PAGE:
The Story of the Human Body brilliantly illuminates as never before the major transformations that contributed key adaptations to the body: the rise of bipedalism; the shift to a non-fruit-based diet; the advent of hunting and gathering, leading to our superlative endurance athleticism; the development of a very large brain; and the incipience of cultural proficiencies. Lieberman also elucidates how cultural evolution differs from biological evolution, and how our bodies were further transformed during the Agricultural and Industrial Revolutions.
While these ongoing changes have brought about many benefits, they have also created conditions to which our bodies are not entirely adapted, Lieberman argues, resulting in the growing incidence of obesity and new but avoidable diseases, such as type 2 diabetes. Lieberman proposes that many of these chronic illnesses persist and in some cases are intensifying because of “dysevolution,” a pernicious dynamic whereby only the symptoms rather than the causes of these maladies are treated. And finally—provocatively—he advocates the use of evolutionary information to help nudge, push, and sometimes even compel us to create a more salubrious environment.
(With charts and line drawings throughout.)
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|Publisher:||Knopf Doubleday Publishing Group|
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About the Author
Daniel E. Lieberman is professor of human evolutionary biology and the Edwin M. Lerner II Professor of Biological Sciences at Harvard. He has written more than one hundred articles, many appearing in the journals Nature and Science. Lieberman is especially well known for his research on the evolution of the human head and the evolution of running, including barefoot running (earning him the nickname the Barefoot Professor). His research and discoveries have been highlighted widely in newspapers, magazines, books, news programs, and documentaries.
Read an Excerpt
Like most people, I am fascinated by the human body, but unlike most folks, who sensibly relegate their interest in people’s bodies to evenings and weekends, I have made the human body the focus of my career. In fact, I am extremely lucky to be a professor at Harvard University, where I teach and study how and why the human body is the way it is. My job and my interests allow me to be a jack-of-all trades. In addition to working with students, I study fossils, I travel to interesting corners of the earth to see how people use their bodies, and I do experiments in the lab on how human and animal bodies work.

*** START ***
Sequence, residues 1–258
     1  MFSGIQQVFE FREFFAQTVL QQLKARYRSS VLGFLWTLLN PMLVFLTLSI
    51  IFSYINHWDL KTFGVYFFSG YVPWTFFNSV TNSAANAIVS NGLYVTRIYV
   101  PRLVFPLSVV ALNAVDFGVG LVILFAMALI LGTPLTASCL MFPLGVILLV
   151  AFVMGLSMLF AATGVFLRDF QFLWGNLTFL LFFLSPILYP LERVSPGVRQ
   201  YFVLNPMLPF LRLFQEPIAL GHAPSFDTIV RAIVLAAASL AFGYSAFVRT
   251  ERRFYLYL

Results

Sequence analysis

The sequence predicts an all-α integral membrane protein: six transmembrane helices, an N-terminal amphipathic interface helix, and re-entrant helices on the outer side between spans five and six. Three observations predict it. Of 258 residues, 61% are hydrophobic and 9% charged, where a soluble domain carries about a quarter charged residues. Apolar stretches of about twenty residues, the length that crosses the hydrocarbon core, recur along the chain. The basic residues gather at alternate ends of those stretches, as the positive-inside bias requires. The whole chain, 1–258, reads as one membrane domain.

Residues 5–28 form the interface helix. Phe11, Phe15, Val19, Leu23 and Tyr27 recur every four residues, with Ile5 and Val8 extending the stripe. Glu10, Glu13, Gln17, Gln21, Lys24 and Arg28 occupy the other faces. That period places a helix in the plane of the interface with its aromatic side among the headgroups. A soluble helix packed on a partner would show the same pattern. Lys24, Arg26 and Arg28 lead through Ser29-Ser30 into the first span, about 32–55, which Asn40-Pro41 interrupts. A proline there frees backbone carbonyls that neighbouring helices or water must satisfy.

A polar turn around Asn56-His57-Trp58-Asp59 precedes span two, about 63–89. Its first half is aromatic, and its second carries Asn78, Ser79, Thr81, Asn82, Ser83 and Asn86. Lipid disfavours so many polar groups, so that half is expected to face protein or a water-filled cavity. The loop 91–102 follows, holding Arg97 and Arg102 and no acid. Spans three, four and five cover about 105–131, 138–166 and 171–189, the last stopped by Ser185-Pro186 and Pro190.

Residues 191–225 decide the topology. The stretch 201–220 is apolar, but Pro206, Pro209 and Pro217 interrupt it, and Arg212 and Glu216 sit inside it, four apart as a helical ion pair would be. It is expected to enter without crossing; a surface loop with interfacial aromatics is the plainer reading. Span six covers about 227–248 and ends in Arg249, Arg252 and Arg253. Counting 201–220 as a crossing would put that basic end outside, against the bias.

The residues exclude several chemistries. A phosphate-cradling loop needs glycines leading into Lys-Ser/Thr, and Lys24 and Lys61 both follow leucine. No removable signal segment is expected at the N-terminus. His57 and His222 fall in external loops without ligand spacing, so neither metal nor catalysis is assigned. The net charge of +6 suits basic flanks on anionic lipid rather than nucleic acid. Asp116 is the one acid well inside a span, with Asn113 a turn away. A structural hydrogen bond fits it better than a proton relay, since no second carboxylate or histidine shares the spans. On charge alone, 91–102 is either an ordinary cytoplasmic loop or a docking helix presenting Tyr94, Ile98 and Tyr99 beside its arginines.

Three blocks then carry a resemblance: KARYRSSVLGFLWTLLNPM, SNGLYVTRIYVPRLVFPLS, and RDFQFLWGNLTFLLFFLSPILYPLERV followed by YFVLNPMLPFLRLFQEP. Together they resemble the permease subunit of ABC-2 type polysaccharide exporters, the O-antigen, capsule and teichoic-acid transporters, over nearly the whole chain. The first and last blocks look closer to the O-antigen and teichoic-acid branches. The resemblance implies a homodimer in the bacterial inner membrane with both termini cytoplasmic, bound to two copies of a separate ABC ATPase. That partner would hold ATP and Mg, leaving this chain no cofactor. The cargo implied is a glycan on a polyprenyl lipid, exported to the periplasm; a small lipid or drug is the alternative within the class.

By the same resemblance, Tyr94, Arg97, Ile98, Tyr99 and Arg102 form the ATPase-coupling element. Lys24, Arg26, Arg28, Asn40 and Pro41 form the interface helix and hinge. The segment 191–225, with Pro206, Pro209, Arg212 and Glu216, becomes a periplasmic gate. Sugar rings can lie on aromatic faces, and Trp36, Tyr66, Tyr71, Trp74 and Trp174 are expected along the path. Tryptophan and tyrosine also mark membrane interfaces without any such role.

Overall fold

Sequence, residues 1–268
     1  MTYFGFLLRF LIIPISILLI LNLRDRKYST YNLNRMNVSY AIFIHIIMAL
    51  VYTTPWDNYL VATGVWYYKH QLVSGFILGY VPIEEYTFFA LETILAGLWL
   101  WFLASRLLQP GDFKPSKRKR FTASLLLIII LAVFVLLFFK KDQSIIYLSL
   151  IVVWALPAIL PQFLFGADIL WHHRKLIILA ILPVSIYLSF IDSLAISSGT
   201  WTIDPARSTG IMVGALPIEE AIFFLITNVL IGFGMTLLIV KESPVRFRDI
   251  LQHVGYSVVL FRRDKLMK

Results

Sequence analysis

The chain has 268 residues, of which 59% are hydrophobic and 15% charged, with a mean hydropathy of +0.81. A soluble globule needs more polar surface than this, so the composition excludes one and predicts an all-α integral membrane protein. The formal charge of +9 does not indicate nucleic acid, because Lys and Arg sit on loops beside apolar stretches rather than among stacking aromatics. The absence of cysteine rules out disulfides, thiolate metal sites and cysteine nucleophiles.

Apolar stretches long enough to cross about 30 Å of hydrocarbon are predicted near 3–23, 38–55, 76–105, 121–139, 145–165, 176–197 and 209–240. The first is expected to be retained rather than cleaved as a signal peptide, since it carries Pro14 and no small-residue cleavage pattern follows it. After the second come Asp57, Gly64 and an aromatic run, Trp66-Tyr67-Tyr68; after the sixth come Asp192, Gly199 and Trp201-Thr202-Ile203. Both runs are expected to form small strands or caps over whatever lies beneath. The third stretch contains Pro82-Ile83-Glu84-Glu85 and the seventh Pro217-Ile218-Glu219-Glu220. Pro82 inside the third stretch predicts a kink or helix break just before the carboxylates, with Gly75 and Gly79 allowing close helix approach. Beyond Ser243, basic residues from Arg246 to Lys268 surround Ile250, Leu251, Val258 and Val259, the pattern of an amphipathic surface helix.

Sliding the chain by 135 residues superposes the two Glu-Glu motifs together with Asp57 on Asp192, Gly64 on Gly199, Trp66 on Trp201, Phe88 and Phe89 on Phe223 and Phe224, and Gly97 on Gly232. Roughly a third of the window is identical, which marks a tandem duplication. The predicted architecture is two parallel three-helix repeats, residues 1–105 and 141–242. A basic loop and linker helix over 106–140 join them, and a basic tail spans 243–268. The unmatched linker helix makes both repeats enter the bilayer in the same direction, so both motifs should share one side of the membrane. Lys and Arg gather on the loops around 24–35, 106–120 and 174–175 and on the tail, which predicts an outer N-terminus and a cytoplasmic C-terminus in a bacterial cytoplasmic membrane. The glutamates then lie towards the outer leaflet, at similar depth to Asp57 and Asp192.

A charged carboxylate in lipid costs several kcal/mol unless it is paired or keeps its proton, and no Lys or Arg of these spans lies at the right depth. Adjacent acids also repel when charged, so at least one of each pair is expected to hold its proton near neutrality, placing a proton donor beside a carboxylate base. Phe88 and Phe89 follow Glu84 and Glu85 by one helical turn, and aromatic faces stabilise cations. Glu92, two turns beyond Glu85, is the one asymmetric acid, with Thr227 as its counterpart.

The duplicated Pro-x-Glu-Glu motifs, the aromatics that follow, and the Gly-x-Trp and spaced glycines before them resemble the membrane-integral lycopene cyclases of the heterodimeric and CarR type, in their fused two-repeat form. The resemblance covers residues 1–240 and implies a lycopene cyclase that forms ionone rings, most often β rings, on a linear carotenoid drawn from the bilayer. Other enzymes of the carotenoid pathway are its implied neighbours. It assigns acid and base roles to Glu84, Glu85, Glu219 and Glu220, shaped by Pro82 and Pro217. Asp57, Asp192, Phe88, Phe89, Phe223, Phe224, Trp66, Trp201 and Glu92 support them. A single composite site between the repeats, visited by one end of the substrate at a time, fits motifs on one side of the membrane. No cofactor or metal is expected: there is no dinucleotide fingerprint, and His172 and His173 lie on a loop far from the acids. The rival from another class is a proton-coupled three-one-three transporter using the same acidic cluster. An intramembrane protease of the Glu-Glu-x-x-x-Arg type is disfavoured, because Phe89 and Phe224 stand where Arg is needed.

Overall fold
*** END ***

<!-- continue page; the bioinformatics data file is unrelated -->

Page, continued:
Like most professors, I also love to talk, and I enjoy people’s questions. But of all the questions I am commonly asked, the one I used to dread the most was “What will human beings look like in the future?” I hated this question! I am a professor of human evolutionary biology, which means I study the past, not what lies ahead. I am not a soothsayer, and the question made me think of tawdry science fiction movies that depict humans of the distant future as having enormous brains, pale and tiny bodies, and shiny clothing. My reflexive answer was always something along the lines of: “Human beings aren’t evolving very much because of culture.” This response is a variant of the standard answer that many of my colleagues give when asked the same question.
I have since changed my mind about this question and now consider the human body’s future to be one of the most important issues we can think about. We live in paradoxical times for our bodies. On the one hand, this era is probably the healthiest in human history. If you live in a developed country, you can reasonably expect all your offspring to survive childhood, to live to their dotage, and to become parents and grandparents. We have conquered or quelled many diseases that used to kill people in droves: smallpox, measles, polio, and the plague. People are taller, and formerly life-threatening conditions like appendicitis, dysentery, a broken leg, or anemia are easily remedied. To be sure, there is still too much malnutrition and disease in some countries, but these evils are often the result of bad government and social inequality, not a lack of food or medical know-how.